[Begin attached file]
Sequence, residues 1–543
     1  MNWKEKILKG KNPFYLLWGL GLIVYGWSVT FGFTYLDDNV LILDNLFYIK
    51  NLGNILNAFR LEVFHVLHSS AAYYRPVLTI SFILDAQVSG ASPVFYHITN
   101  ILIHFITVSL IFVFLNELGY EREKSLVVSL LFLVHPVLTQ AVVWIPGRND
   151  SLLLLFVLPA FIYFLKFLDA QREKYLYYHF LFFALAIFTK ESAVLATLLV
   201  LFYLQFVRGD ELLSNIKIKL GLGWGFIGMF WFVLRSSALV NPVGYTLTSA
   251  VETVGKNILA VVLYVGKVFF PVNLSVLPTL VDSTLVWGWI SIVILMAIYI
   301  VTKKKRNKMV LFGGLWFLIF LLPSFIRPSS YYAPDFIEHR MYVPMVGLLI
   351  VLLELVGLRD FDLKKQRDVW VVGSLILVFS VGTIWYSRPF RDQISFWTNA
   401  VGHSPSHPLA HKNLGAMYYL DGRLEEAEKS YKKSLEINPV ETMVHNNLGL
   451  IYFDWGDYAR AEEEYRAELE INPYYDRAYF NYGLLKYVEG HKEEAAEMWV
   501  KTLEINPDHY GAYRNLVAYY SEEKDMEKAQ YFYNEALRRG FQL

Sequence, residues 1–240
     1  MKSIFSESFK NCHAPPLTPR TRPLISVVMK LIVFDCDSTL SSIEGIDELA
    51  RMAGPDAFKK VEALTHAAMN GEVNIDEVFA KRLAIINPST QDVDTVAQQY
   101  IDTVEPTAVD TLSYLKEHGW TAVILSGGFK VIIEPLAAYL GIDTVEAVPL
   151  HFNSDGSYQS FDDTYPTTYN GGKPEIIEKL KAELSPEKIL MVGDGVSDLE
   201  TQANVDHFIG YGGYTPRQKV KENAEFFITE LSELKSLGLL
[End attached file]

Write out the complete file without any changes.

Sequence, residues 1–543
     1  MNWKEKILKG KNPFYLLWGL GLIVYGWSVT FGFTYLDDNV LILDNLFYIK
    51  NLGNILNAFR LEVFHVLHSS AAYYRPVLTI SFILDAQVSG ASPVFYHITN
   101  ILIHFITVSL IFVFLNELGY EREKSLVVSL LFLVHPVLTQ AVVWIPGRND
   151  SLLLLFVLPA FIYFLKFLDA QREKYLYYHF LFFALAIFTK ESAVLATLLV
   201  LFYLQFVRGD ELLSNIKIKL GLGWGFIGMF WFVLRSSALV NPVGYTLTSA
   251  VETVGKNILA VVLYVGKVFF PVNLSVLPTL VDSTLVWGWI SIVILMAIYI
   301  VTKKKRNKMV LFGGLWFLIF LLPSFIRPSS YYAPDFIEHR MYVPMVGLLI
   351  VLLELVGLRD FDLKKQRDVW VVGSLILVFS VGTIWYSRPF RDQISFWTNA
   401  VGHSPSHPLA HKNLGAMYYL DGRLEEAEKS YKKSLEINPV ETMVHNNLGL
   451  IYFDWGDYAR AEEEYRAELE INPYYDRAYF NYGLLKYVEG HKEEAAEMWV
   501  KTLEINPDHY GAYRNLVAYY SEEKDMEKAQ YFYNEALRRG FQL

Sequence, residues 1–240
     1  MKSIFSESFK NCHAPPLTPR TRPLISVVMK LIVFDCDSTL SSIEGIDELA
    51  RMAGPDAFKK VEALTHAAMN GEVNIDEVFA KRLAIINPST QDVDTVAQQY
   101  IDTVEPTAVD TLSYLKEHGW TAVILSGGFK VIIEPLAAYL GIDTVEAVPL
   151  HFNSDGSYQS FDDTYPTTYN GGKPEIIEKL KAELSPEKIL MVGDGVSDLE
   201  TQANVDHFIG YGGYTPRQKV KENAEFFITE LSELKSLGLL